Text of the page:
Yeah, I have to say, I’m in the morning women’s workout group, and I absolutely adore these women, and they’re wonderful. And yet, yesterday, we were, you know, we’re on a string, and people were talking about homeschooling, and they posted someone posted a meme or a video for an umbrella, the booze brella where you could in the ad, pour nine ounces of vodka into an umbrella and, you know, drink from it. And you know, people were laughing. Where can I buy it XYZ, they all know I don’t drink clearly. I’m like, “out”. But, I had just gotten this shirt that I took a picture of and that’s called, you know, teetotaler, which I love. And so I put, I was like, In other news, here’s my new shirt, just to be like, not everyone is drinking out of their umbrella or thinks that’s a fabulous idea as a way to get through the first day of homeschool. But I also was like, it’s August and sunny. I’m not sure why we need a booze umbrella. But on the other hand, you know, you’re at home, why not? You know, if it’s, if it’s not a problem, why not just get a glass of wine? Like, why are you putting it in your umbrella, and it was totally a joke. And I was not shaming anyone. But I was like, this is sort of weird that this seems to be like, you know, so much in popular culture that all these working women who are super smart with great kids who are incredible, you know, women and I would say that most of them, in no way have a drinking problem. But that is the kind of thing that is out there when you talk about the pinking of the alcohol industry. And it just perpetuates that if you have a bottle of wine a night. It’s pretty normal, like they’re selling, you know, vodka umbrellas for you to take it out, you know, in the world with you. So nobody knows that you’re just getting loaded. You know, it’s just, it’s everywhere. And therefore you start to think this is no big deal. Everybody’s doing it.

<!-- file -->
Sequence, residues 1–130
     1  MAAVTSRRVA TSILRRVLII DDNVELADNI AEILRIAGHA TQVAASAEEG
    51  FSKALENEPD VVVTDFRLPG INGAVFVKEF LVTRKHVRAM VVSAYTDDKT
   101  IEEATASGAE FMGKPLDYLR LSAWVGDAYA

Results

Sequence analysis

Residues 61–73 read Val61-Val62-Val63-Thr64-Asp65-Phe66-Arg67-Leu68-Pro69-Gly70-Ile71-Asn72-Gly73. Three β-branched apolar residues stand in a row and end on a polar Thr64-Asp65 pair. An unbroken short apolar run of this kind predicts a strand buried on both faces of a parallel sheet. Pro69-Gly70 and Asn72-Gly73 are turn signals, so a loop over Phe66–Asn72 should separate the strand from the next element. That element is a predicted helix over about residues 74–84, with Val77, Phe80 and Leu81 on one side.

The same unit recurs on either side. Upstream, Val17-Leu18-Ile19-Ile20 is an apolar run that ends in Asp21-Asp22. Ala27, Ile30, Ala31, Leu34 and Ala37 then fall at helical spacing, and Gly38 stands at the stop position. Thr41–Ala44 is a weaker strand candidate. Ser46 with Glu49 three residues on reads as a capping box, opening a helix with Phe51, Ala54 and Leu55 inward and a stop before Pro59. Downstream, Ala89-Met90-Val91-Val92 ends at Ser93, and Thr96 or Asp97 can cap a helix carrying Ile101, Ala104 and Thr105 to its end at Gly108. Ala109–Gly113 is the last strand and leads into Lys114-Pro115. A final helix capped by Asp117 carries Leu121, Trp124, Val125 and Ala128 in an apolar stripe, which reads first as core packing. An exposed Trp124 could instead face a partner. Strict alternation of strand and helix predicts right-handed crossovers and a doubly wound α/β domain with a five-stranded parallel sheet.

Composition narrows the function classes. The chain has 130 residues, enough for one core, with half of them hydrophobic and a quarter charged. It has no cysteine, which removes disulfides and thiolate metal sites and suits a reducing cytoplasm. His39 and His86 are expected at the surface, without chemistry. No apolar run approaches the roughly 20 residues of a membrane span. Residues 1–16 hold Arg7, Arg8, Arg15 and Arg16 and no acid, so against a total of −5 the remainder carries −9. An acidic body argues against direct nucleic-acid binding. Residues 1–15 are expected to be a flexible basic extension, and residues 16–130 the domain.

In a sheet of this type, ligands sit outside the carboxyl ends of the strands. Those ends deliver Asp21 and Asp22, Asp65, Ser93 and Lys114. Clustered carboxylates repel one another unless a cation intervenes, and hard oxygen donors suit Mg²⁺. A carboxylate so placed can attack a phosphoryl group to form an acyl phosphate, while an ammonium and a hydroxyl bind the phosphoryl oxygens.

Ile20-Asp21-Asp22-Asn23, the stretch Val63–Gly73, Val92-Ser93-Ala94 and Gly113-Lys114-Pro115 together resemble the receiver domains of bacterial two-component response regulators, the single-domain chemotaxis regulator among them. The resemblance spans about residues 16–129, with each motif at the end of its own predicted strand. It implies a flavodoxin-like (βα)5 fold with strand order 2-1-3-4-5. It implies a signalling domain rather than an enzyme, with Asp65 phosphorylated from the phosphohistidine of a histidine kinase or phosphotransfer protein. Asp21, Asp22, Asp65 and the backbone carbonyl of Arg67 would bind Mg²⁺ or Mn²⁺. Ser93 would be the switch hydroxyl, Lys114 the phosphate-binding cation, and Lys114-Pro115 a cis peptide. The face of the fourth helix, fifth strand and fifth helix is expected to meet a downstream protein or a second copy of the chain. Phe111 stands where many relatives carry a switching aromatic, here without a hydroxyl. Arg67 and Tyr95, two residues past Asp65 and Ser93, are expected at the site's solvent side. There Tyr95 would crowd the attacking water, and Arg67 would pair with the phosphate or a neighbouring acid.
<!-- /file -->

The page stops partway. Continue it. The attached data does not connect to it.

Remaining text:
12:43  

Everybody’s doing it. And there was, I remember a meme from the beginning of COVID, where a mother opened her trunk with three cases of alcohol saying the kids are home for three weeks. This is what I need. We live in an Alka genic Society surrounded by sound messaging that this is how you get through whatever it is you have to get through. And I wrote an opinion piece recently in Canada’s National Newspaper on the fact that alcohol stores were considered essential services and weren’t closed down and the sales of alcohol are through the roof. And someone wrote back and said, Yes, but people haven’t been going to restaurants. I think what’s really curious is that, as a child of an alcoholic, that children are exposed right now houses are full of alcohol and children are exposed and the messaging is questionable. And I’m not a prohibitionist? Not at all. Yeah. But the messaging is, Mommy needs this to get through living with you.

 

14:05